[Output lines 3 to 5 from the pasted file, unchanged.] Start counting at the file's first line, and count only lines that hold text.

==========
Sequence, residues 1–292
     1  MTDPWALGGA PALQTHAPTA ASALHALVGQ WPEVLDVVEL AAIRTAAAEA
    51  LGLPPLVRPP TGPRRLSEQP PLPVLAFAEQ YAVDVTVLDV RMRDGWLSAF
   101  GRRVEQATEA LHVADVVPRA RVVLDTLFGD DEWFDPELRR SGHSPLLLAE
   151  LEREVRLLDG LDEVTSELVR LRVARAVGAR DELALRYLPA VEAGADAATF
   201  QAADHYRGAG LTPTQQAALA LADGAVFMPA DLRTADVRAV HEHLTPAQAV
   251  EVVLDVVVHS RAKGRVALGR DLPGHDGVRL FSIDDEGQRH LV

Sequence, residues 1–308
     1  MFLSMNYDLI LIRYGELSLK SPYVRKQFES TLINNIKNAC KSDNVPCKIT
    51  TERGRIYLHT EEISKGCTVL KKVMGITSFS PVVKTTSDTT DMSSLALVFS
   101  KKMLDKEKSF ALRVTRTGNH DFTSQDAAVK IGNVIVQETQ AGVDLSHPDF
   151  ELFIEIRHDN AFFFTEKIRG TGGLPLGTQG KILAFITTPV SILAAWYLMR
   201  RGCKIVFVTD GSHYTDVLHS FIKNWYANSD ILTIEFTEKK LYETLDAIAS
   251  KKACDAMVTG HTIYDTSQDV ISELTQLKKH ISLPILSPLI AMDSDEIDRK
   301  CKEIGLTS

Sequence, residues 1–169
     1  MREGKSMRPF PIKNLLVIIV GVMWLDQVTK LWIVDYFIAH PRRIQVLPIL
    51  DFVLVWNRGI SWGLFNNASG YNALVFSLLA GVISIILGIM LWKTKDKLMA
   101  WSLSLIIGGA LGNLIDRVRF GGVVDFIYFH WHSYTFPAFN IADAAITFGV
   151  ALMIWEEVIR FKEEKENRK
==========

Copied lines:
    51  LGLPPLVRPP TGPRRLSEQP PLPVLAFAEQ YAVDVTVLDV RMRDGWLSAF
   101  GRRVEQATEA LHVADVVPRA RVVLDTLFGD DEWFDPELRR SGHSPLLLAE
   151  LEREVRLLDG LDEVTSELVR LRVARAVGAR DELALRYLPA VEAGADAATF